another thing that bothers Moses.
"A lot of
people make a lot of money off track, but it's not the U.S. athletes," he
says, echoing a shopworn amateur's lament. "I went completely broke
training for the '76 Olympics. I had to beg gas money just so I could get to
the track. And it's like that for a lot of us. Arnie Robinson, the gold-medal
winner in the long jump, worked on a garbage truck while training. James Butts,
who won the silver medal in the triple jump, had to work two full-time jobs
because his mother was sick. The only time he could train was at 5 a.m. Those
things aren't right. Track athletes should be able to train with dignity.
to get rich. But realistically, well, I don't see why I shouldn't have a
$400,000 contract to run in 20 meets—the kind of money Julius Erving gets. I
mean, this may be the only thing I can do well in my whole life."
that with this money talk, he's pushing logic to its irrational end. But he
enjoys the game. With Robinson, he has sent out brochures to 120 U.S.
businesses asking for their sponsorship of Olympic-caliber athletes. Only one
source of discontent, though, is far simpler than the pursuit of money or what
he calls the "whore-pimp concept" of amateur athletics: he is just too
good. He has no competition. He is bored. He does make it look too easy. Since
the Olympics, he has lost only once. He wins some races by 20 meters.
"I don't even
think about winning anymore," he says with a shrug. "When I was in
Europe last summer, I was racing against the same guys again and again. After a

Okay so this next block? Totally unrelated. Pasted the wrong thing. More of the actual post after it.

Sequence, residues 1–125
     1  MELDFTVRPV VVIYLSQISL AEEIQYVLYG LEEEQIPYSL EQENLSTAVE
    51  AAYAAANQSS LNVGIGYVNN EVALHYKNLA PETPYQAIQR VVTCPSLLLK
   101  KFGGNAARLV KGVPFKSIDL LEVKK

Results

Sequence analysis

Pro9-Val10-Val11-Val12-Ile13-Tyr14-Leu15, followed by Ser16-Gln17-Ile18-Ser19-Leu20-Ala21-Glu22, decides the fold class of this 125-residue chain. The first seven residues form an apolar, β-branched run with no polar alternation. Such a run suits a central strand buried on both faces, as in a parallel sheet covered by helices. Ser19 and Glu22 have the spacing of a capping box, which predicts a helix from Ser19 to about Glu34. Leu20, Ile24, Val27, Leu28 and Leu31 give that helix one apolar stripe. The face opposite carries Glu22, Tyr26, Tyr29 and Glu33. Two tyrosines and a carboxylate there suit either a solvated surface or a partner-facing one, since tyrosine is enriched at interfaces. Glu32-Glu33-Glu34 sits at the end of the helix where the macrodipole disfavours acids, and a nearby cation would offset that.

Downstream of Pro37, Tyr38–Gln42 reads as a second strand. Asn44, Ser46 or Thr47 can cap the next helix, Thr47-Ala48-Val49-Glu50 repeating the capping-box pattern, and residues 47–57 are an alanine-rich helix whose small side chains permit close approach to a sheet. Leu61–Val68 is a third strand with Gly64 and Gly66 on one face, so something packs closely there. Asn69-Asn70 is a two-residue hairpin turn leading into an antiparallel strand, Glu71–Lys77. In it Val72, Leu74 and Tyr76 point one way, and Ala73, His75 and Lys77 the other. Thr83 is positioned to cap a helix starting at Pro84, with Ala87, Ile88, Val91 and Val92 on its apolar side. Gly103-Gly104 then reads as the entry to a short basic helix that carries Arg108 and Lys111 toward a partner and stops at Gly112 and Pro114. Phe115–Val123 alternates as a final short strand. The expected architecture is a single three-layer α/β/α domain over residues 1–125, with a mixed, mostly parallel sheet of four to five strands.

while I knew they weren't going to break 49 seconds. And I have to consciously
slow down to run over 49. What can I say?"
"He's one of
a kind," says James King, the seventh-ranked intermediate hurdler in the
U.S. and a man clearly in awe of Moses. "He can't get pushed. And that's
very tough for anybody." Indeed, in each of his world-record races, Moses
has run virtually alone, something few record holders in any event can
hurdles has never been a top-billed event—another part of Moses' recognition
problem. People still view the race as something of a sideshow—a bastardization
of two "normal" races, the 110-meter highs and the 400-meter dash.
Great athletes have rarely flocked to the race. In A World History of Track and
Field Athletics, 1864-1964, R. L. Quercetani points out that early runners
avoided the event as being "too uncomfortable and fatiguing, if not
altogether lethal ('the man-killer event')." And now with Moses' prolonged
dominance, the race suffers from a lack of competitiveness. Next week at the
AAU championships Moses will face a field in which no runner has come within
1:03 seconds of his world record. "That's why the intermediates are always
the first event," he says. "So they can get the hurdles off the track
and start the meet."
If that sounds a
bit peevish coming from a healthy, talented 23-year-old who has scarcely known
defeat, Moses would like the public to know he's not really bitter. "I
realize that whenever I bitch about something, it only compounds the
problem," he says. "What I say reads bitter, I guess, but it doesn't
sound bitter. The feeling's not there. If people heard me talk they'd know what
At 8:30 one
recent Thursday morning, the track at Mt. San Antonio College in Walnut,
Calif., the site of the AAU championships, is vacant except for a single
long-limbed figure performing strange hopping exercises. Moses has no coach, no
running partners, no trainer, no wife, no fan club, no pushy girl friends or
relatives. "I don't need anybody," he says. He devises his own
workouts, and lately he has added some stretching moves taken from various
Oriental martial-arts disciplines. The hops, he explains, keep his knees